Pakistan's Army: At War with Al Qaeda and In Bed With It
The Pakistani army, the fifth largest in the world, is a maze of contradictions and complexities. Meanwhile, it steadily builds more nuclear weapons faster than any other country in the world today.
Unraveling the mystery of who sheltered Osama bin Laden won’t be easy. Ex-CIA officer Bruce Riedel on how the army is both at war with al Qaeda and in bed with it.
Pakistan is the most dangerous country in the world, but also one of the most complicated. There are basically two possible explanations for the relationship between al Qaeda and the Pakistani army: the army manipulates the jihadis or the jihadis manipulate the army. Both are terrifying. The first is awful, the second is much more frightening. Both are true.
Osama bin Laden was killed in Abbottabad, in some ways the Pakistani equivalent of West Point. He started his career as a fundraiser for the Pakistani army's only military success in its 60-plus years—the war against the USSR in Afghanistan. He worked side by side with the ISI, the Pakistani intelligence agency, then. He helped create the army's jihadist Frankenstein masterpiece: Lashkar-e-Taiba—the army of the pure—which attacked Mumbai and which has mourned him more than any one else. Lashkar leader Hafez Saed has openly eulogized bin Laden, but Saed is also a regular feature at rallies attended by senior army officers.
And yet al Qaeda's other ally in Pakistan, the Pakistani Taliban, was with the army. Together al Qaeda and the Taliban have killed hundreds of Pakistani soldiers, even attacking their headquarters and cantonments. They have killed senior officers and declared their intention to kill chief of army staff General Kayani. Al Qaeda's new boss, Ayman al-Zawahri, has written a book on why Pakistan needs an Islamic revolution. Its most effective operator, Muhammad Ilyas Kashmiri, was trained by the ISI but now regularly hunts it. He has killed several senior commanders, and has even tried to eliminate former dictator Pervez Musharraf.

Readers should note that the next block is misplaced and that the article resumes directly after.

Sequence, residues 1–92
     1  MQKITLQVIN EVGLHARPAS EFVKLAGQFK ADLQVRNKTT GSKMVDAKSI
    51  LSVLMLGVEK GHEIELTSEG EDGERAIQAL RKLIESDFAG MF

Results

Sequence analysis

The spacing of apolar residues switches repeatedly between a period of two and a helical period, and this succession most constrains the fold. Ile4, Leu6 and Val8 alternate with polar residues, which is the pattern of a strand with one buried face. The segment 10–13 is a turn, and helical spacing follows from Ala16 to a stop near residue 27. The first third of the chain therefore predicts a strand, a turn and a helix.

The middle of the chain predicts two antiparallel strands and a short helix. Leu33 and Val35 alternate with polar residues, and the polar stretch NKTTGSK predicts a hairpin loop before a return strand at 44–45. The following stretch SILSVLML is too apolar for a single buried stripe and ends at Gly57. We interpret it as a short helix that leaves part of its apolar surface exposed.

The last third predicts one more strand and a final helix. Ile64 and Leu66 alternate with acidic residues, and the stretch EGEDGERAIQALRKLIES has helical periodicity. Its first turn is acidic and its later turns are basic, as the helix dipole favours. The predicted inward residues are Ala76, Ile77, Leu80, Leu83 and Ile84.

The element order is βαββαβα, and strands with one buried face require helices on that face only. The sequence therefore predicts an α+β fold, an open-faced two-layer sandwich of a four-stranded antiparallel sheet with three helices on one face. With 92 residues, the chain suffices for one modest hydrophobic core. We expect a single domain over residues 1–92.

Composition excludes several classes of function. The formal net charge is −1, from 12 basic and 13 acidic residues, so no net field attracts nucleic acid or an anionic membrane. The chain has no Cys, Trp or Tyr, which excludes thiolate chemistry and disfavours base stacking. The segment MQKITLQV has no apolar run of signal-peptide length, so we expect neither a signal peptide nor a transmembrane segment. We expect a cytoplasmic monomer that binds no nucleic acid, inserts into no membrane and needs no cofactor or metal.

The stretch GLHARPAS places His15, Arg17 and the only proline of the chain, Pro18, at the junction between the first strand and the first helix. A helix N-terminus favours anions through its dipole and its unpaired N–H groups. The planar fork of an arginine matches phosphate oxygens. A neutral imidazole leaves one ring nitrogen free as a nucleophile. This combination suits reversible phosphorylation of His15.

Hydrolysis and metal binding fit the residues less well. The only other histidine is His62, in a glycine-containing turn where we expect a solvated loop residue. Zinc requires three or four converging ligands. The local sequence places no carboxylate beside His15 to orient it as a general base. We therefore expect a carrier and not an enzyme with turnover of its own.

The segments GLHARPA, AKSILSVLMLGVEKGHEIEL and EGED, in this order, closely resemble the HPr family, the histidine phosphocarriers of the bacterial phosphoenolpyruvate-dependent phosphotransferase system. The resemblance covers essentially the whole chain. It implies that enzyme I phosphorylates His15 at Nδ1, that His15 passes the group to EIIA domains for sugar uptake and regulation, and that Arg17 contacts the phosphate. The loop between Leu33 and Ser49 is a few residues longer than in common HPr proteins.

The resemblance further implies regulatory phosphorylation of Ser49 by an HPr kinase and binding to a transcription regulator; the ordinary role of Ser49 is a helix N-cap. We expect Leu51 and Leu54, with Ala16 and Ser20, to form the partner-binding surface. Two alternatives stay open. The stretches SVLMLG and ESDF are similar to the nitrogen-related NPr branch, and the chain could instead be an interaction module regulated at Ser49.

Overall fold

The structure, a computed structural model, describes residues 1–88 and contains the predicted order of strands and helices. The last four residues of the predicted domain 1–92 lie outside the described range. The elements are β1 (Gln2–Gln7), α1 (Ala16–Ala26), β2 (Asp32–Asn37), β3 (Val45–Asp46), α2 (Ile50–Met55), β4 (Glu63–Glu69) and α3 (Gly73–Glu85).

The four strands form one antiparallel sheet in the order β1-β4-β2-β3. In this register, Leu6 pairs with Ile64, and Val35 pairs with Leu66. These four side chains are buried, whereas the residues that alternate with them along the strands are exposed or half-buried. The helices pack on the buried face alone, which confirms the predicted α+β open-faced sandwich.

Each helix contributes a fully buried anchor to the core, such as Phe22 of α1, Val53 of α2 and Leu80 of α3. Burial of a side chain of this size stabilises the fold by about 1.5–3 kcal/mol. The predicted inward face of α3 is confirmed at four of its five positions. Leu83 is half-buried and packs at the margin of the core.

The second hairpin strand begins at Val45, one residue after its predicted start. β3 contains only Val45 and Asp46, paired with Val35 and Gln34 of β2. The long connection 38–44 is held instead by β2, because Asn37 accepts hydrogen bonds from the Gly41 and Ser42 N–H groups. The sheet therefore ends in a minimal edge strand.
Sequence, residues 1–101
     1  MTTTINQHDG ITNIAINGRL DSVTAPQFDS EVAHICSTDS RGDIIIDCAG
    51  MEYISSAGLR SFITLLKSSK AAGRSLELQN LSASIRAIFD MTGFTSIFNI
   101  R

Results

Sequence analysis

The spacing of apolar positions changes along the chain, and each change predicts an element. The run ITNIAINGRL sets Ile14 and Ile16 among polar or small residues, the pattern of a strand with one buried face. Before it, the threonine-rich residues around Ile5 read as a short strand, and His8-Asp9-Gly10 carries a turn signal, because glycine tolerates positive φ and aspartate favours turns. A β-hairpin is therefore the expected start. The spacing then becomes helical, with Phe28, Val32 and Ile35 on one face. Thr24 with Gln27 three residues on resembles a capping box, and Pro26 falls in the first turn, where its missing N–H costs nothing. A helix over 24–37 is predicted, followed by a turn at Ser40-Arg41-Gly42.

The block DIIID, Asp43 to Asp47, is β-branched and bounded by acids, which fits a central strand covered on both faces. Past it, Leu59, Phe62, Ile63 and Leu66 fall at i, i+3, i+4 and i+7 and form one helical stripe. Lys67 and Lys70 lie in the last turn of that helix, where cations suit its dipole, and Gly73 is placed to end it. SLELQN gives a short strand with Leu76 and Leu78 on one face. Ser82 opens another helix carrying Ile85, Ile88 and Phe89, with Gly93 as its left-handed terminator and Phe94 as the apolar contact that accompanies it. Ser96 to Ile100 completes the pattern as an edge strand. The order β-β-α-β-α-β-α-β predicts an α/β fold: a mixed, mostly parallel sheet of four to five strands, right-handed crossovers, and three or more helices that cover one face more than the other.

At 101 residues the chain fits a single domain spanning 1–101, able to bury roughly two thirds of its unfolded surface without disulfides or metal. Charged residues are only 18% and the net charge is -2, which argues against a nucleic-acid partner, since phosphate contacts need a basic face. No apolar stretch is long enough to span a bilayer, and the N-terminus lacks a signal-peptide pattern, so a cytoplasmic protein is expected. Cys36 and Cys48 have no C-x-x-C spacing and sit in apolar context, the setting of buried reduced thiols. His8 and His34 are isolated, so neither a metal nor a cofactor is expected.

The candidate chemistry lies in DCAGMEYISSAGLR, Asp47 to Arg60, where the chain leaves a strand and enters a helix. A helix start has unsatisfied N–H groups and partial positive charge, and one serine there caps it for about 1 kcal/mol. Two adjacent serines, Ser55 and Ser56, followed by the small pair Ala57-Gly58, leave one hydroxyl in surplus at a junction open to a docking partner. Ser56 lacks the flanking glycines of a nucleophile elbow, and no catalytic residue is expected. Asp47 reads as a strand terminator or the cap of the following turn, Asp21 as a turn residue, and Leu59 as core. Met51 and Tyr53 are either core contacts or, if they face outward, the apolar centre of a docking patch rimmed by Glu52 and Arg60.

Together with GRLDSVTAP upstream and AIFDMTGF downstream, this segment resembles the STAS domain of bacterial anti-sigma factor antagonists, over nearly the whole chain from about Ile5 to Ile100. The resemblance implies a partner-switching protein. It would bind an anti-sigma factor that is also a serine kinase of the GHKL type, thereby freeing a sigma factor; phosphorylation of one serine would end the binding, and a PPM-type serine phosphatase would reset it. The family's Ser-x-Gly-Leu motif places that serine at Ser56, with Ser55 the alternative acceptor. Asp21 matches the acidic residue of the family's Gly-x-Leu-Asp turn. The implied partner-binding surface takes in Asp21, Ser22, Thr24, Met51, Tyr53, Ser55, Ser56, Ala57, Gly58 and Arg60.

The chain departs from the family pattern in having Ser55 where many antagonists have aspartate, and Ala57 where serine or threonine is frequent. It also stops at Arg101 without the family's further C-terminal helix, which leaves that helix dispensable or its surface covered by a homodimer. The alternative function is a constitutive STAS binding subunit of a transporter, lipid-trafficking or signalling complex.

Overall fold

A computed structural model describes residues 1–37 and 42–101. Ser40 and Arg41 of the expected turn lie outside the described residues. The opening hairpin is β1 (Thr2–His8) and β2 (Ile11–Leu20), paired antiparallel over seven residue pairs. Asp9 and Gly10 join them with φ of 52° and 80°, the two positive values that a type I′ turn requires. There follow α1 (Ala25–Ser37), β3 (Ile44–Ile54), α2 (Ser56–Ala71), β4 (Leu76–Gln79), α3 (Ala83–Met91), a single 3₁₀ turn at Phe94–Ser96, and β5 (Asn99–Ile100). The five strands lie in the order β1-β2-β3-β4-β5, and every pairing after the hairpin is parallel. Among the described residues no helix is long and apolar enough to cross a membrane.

Obama: 'We Have to Investigate' Pakistan's Ties to bin Laden
So how is the army both at war with al Qaeda and in bed with it? The answer is the army is riddled with jihadist sympathizers. For decades, the officer corps has been told India is the enemy, America is unreliable and rapacious, and that Islam is the answer. Even those officers who appreciate American support (the country has received billions in aid since 9/11) resent it too. Like all Pakistanis, they also believe America is closer in values and interests to India. They are right.
The Pakistani army, the fifth largest in the world, is a maze of contradictions and complexities. Meanwhile it steadily builds more nuclear weapons faster than any other country in the world today.
The syndicate of terror in Pakistan is not a monolith. It has no single leader. Its fluidity is a strength, because it is so complex and multi-layered. Now it is clear it has put its agents deep in the Pakistani military. Obama was right not to trust it on Osama.
The Pakistani army, the fifth-largest in the world, is a maze of contradictions and complexities. Meanwhile it steadily builds more nuclear weapons faster than any other country in the world today. It has close ties to China and Saudi Arabia and troops deployed to back up monarchies like Bahrain and Oman.
It is easy to be confused and angry about Pakistan. But that is not a strategy. The right course calls for engagement, with tough redlines, backed by unilateral operations when needed.
Bruce Riedel, a former longtime CIA officer, is a senior fellow in the Saban Center at the Brookings Institution. At President Obama’s request, he chaired the strategic review of policy toward Afghanistan and Pakistan in 2009. He is author of the new book Deadly Embrace: Pakistan, America and the Future of the Global Jihad and The Search for Al Qaeda: Its Leadership, Ideology and Future.